Yes

approx. 55 days + ongoing

at least 21 days + ongoing

16–18 years

No

43 days

16 days

16–18 years

Yes

Ongoing (58 days)

14 days

13–15 years

Yes

12 days

12 days

13–15 years

Yes

13 days

10 days

16–18 years

No

11 days

9 days

16–18 years

Suspected

12 days

9 days

0–12 years

No

approx. 35 days

approx. 7 days

0–12 years

Yes

10 days

7 days

13–15 years

No

13 days

6 days

16–18 years

No

12 days

6 days

16–18 years

No

13 days

5 days

0–12 years

Yes

6 days

5 days

16–18 years

No

5 days

4 days

16–18 years

No

3 days

3 days

13–15 years

No

5 days

3 days

13–15 years

Yes

2 days

2 days

16–18 years

No

3 days

2 days

13–15 years

Yes

2 days

2 days

16–18 years

Yes

2 days

2 days

Note: We conducted fieldwork in the last two weeks of January 2019. 'Ongoing' refers to consumers who were inpatients at that time with no fixed discharge date.
Source: VAGO, based on clinician interviews.

To protect these young people's privacy, the audit will not report the case studies collected and analysed, but instead focus on the system issues that our analysis of the case studies revealed.

System failures identified

We found four main types of system failure through analysis of the case studies, namely:

  • the family's (or out-of-home carer's) inability to cope at home with the young person's challenging behaviours
  • the family's inability to participate in therapeutic care at hospital
  • failure of disability services, including failure to repair damaged disability accommodation and failure to receive NDIS supports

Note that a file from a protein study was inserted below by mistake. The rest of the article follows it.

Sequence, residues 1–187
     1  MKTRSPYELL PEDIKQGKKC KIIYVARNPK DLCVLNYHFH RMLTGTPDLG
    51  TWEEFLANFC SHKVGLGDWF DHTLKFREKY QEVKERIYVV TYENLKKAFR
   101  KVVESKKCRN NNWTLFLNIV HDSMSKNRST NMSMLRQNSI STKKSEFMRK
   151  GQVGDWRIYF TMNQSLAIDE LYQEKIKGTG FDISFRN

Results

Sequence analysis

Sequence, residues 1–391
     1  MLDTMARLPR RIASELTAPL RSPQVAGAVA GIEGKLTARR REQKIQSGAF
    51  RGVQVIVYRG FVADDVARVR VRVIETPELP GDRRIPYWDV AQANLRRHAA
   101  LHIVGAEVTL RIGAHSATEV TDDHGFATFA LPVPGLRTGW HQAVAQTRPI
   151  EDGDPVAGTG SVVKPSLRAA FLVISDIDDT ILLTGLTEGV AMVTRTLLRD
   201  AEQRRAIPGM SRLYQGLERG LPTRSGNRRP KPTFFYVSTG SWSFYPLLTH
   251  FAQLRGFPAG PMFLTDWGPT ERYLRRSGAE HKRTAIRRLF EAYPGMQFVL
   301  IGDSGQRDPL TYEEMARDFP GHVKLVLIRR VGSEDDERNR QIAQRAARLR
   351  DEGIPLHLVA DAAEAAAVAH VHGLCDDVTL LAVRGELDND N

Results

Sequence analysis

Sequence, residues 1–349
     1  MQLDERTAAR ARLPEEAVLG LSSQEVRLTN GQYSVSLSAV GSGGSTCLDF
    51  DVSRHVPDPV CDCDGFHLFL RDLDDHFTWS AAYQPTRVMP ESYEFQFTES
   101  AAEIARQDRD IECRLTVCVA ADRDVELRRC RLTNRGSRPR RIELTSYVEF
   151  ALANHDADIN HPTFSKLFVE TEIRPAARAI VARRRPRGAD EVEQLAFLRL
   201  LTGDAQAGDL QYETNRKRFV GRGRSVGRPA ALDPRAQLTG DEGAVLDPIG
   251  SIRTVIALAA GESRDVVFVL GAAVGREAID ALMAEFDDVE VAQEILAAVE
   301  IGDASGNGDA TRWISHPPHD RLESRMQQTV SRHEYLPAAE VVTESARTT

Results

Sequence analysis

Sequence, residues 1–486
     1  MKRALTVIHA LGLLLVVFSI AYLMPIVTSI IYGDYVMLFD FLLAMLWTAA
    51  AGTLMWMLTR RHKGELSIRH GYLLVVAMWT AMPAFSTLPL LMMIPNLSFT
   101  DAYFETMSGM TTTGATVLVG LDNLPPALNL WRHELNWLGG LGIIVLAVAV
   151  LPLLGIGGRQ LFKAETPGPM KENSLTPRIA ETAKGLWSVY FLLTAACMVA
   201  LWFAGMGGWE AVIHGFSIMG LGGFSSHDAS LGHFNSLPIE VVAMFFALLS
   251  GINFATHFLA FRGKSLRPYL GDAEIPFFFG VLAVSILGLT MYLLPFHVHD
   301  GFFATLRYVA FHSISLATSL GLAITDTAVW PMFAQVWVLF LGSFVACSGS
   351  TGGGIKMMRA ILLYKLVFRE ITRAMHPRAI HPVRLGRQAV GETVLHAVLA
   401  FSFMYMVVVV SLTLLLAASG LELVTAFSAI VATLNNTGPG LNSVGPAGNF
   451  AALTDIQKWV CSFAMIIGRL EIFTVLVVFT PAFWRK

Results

• failures relating to child protection, including failure to engage or organise placements in a timely manner, including when abuse is disclosed during an inpatient stay.

If health services' local relationships fail to resolve system issues for complex clients, there are no mechanisms to escalate them. The Chief Psychiatrist's support and advice is frequently sought, though not routinely, and there is no established mechanism that can be applied to resolve barriers to discharging children who are 'stuck' in inpatient units.

Health services described examples where they had failed to gain a timely response from local disability and child protection workers. In several cases, senior clinicians attributed the delay to a lack of understanding of the serious negative impacts on a child or young person from being in a mental health facility beyond clinical necessity. This included a perception from other services that the child was in a safe place. This view contrasts with the opinion of mental health practitioners that the young person's health and wellbeing was deteriorating because of the inpatient stay.